In MOVE IT Math™, virtually every elementary school student masters Monster Addition and Monster Subtraction in Grade 1. The justifiable pride they realize in such accomplishments defies any feelings of inadequacy they or their teachers and parents may feel about their ability in math. They believe they can do anything, even learn how to read. There you have it — the reason for imposing such astounding expectations on young children: self-esteem and self-confidence based on achievement, not hype!
Monster Addition and Monster Subtraction aren’t about discarding calculators and “getting back to the basics” — those of paper-and-pencil math. It is about accomplishing something human that can’t be achieved with a calculator: empowerment. When a young child can flawlessly add and subtract even 10-digit numbers with paper and pencil, they know they know. When they punch numbers into a calculator, all they know is that the calculator knows.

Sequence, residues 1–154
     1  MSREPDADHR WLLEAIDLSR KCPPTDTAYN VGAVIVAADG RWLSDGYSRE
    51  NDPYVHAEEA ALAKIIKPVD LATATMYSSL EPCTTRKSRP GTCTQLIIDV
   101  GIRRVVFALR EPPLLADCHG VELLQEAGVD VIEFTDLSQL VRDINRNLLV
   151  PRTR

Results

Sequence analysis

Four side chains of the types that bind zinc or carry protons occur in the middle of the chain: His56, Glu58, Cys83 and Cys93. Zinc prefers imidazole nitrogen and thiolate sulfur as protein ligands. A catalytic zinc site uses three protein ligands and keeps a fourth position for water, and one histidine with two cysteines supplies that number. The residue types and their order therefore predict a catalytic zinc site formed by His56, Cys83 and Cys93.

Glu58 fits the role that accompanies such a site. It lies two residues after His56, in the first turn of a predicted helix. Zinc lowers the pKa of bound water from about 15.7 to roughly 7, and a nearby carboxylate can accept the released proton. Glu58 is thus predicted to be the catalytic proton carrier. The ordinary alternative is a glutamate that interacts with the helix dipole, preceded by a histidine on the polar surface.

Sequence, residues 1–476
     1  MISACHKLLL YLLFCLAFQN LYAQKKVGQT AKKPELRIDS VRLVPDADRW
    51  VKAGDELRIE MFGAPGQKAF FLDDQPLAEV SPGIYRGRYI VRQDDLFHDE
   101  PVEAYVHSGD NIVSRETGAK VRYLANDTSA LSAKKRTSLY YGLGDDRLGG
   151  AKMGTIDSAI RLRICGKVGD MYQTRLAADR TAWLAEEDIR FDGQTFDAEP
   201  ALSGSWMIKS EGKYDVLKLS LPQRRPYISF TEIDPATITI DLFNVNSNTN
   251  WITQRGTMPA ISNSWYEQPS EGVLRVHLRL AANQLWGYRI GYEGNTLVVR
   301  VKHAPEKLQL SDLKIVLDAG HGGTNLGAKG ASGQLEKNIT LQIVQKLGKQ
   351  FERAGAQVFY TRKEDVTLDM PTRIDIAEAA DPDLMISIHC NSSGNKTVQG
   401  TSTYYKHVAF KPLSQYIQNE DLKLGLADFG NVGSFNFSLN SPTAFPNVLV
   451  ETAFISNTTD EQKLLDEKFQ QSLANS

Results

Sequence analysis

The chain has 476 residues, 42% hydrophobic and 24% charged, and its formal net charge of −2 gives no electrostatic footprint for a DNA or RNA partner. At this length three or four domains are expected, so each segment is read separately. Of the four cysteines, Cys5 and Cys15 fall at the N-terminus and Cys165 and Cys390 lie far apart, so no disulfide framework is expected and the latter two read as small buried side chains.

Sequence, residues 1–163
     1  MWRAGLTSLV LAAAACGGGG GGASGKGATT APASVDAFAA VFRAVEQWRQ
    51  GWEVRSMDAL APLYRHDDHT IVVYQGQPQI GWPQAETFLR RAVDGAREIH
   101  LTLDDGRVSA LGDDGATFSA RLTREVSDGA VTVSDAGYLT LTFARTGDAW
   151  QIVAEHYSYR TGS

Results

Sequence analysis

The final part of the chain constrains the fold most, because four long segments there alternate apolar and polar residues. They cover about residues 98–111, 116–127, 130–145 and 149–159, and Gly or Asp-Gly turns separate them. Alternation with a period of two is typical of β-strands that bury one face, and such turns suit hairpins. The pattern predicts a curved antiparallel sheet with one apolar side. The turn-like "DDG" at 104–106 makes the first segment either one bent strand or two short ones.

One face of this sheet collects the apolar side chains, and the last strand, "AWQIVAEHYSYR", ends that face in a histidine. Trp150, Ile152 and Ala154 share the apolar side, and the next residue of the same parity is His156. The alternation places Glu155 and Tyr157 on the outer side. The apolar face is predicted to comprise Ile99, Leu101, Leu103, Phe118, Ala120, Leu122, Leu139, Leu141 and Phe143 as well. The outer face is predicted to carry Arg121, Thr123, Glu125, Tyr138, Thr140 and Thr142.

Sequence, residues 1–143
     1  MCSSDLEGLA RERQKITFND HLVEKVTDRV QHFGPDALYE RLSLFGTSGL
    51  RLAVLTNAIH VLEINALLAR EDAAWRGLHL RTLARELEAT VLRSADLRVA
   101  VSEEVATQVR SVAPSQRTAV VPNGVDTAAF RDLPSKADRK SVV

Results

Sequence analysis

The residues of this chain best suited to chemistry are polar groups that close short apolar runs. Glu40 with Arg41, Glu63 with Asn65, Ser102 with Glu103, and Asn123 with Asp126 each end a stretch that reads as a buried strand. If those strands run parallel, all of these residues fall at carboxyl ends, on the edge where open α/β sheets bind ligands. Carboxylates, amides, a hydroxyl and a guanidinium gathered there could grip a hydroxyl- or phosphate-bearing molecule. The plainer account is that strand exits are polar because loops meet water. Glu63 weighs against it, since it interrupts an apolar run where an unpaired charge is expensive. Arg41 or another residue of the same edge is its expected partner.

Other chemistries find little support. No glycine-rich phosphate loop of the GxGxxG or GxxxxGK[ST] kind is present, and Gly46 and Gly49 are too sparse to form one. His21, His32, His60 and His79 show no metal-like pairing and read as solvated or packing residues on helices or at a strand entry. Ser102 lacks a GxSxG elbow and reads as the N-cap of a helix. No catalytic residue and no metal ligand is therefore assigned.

The prerequisites for Monster Addition are the addition facts and the Addition Facts Algorithm. Those for Monster Subtraction are the subtraction facts and the standard subtraction algorithm coupled with an understanding of how a place value numeration system works. In MOVE IT Math™, these topics are covered in the Number Facts key and the Fair Lands™ key.
The culminating activities for this booklet are to become certified in Monster Addition and Monster Subtraction (and thereby becoming members of the Monster Math Club of America!). The materials for that purpose are contained in another free MOVE IT Math™ e-book: Monster Math Certification & Awards Program.
Becoming certified in Monster Addition and Monster Subtraction achieves two purposes: For students, it documents mastery. For teachers, it validates closure for the topics of addition and subtraction of whole numbers. Except for periodic review, there is no need to teach these topics again year after year. By deleting what would be unnecessary redundancy, the standard elementary school math curriculum can be shifted down by about 2 years, making pre-algebra a 6th grade course for all students.